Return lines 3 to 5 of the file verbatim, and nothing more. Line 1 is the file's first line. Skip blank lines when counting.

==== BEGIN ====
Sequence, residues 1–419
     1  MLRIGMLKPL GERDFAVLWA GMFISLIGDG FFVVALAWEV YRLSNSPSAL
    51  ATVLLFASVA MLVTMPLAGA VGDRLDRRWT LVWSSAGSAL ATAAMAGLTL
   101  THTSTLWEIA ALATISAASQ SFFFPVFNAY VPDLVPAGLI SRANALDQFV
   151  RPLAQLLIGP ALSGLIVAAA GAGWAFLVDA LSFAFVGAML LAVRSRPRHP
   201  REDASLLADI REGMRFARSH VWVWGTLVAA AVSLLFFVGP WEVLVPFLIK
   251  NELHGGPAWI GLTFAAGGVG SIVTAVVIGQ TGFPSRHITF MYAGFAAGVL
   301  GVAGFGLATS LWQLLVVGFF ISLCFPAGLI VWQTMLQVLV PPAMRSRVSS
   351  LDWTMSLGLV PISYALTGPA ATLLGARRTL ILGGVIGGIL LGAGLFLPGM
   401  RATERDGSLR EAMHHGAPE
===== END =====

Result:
    51  ATVLLFASVA MLVTMPLAGA VGDRLDRRWT LVWSSAGSAL ATAAMAGLTL
   101  THTSTLWEIA ALATISAASQ SFFFPVFNAY VPDLVPAGLI SRANALDQFV
   151  RPLAQLLIGP ALSGLIVAAA GAGWAFLVDA LSFAFVGAML LAVRSRPRHP